In May-June 1993, with the grace of Poojya Gurudev, Swami Chinmayanandaji, I was inspired to write certain spiritual texts in Sanskrit. Poojya Gurudev blessed the same before attaining Mahasamdhi. These texts are Manahshodhanam, Jnanasaar, Dhyanasvarupam and Bhakti-sudha. They are all put in a book titled ' Sadhanasopana' - the steps of spiritual practice.
Man initially needs to purify his mind (Manahshodhanam). A mind free from likes and dislikes alone is capable of grasping the essence of Self knowledge (Jnanasaara). Knowledge takes deep root by practice of meditation (Dhyanaswarupam). The spiritual practice culminates in the gain of the nectar of devotion (Bhaktisuddha). The last is commented upon in the following pages.
The ideas written in the texts are not original. They were written for the purpose of self reflection. You will find in them the essence of various scriptures on devotion (Bhakti Shastras) like the Ramayana, Bhagawata, Narada Bhakti Sutra, Geeta, etc. I pay that the text and commentary will help all who read and study it to gain true devotion for the lotus feet of the Guru and Lord.
Saint Tulsidas in Sriramacharitamanas says -
Varsa rtu raghupati tulsi sali sudasa
Rama nama bara dou savana bhadau masa
Devotion for Sri Rama is the rainy season and the devotees are the crops. The two letters ra and ma are the two main months - Sravana and Bhadrapad of the rainy season.
In summer, the land is parched and barren. All beings are tortured by the heat and crave for rains. In case of a drought, the situation worsens and there is poverty, hunger and death. With the first signs of rain, there arises hope in all, for the good days to come. With the first showers, all rejoice and the earth gives its sweetest fragrance. In India, we have a four months monsoon season. In the months of Sravana and Bhadrapad (months of the Indian calendar which fall around July and August), the rains intensify. The deepest layers of the earth get soaked with water, the rivers flow with full strength and speed, the lakes and ponds are full to capacity. All beings feel happy and satisfied. Mother earth wears her rich, green clothes and is bedecked with beautiful flowers, valuable herbs and trees and nourishing fruits and crops. The farmers are content, business prospers and there is an overall feeling of confidence and happiness in the country.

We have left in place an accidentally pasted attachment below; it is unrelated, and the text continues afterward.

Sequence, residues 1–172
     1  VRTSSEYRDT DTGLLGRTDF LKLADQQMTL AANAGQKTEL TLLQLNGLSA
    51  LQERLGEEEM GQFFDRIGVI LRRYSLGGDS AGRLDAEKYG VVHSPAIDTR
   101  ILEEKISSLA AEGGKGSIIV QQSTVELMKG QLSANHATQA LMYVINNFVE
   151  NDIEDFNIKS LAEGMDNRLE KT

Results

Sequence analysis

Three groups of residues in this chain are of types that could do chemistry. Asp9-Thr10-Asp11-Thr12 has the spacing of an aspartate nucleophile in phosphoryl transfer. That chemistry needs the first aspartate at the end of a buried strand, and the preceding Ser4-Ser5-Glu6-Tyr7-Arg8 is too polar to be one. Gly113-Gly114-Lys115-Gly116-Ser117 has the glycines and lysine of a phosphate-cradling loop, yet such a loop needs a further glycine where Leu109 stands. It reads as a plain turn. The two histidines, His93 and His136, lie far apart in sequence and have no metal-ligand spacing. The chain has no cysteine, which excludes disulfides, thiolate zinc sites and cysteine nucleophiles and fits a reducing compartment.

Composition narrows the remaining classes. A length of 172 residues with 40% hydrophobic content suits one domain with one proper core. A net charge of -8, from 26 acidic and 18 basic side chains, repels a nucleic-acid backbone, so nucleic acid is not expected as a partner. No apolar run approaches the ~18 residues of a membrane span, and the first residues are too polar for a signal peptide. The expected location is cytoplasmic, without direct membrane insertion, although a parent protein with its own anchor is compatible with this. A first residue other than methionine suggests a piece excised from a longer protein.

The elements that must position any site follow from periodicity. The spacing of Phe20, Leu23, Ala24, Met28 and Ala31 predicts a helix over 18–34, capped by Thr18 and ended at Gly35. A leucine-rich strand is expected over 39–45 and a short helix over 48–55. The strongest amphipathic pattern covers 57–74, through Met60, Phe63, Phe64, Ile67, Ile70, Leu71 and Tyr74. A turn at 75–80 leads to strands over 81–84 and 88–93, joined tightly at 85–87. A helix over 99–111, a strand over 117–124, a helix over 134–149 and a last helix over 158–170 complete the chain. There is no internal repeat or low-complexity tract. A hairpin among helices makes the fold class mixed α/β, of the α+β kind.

Similarly, when a man's heart is dry and parched, with the rubble and stones of bitterness, anger, jealousy, cynicism, dislikes and hatred, he remains miserable and makes others unhappy too. With even a trickle of love, there is a sense of relief. A shower of love brings total fulfilment. Such devotion is gained by the grace of the Lord and influence of satsanga (company of the great) and chanting the divine name of Lord Rama. Such a crop of devotees sustain and nourish the entire society.
Devotion for God is complete fulfilment in itself and it adds beauty to all our worldly achievements of name and fame, wealth and pleasure etc. However, without this devotion, everything is incomplete and meaningless. It is something like a person wearing ornaments without wearing clothes. This example given in Tulasi Ramayana is powerful and expresses the supreme status of devotion in one's life.
There is an interesting story in the Puranas. Devatas (demi gods) and the 'Asuras' (demons) worked together to churn the milky ocean. After overcoming many obstacles, they got a pot of nectar. None wanted to share it with others. There was a fight over its' distribution. Finally, some got more, some less and the Asuras did not get at all. Even those who got it were not totally satisfied. Those who drank the same, got a temporary victory over others. This nectar did not rid them of fear and anxiety, desires and cravings. This is the case with all worldly achievements. The nectar of devotion is different. It is shared with all and it increases on sharing. There is only joy in another's gain of it and •there is no anxiety or fear of losing it. It gives one immortal fame and lasting happiness.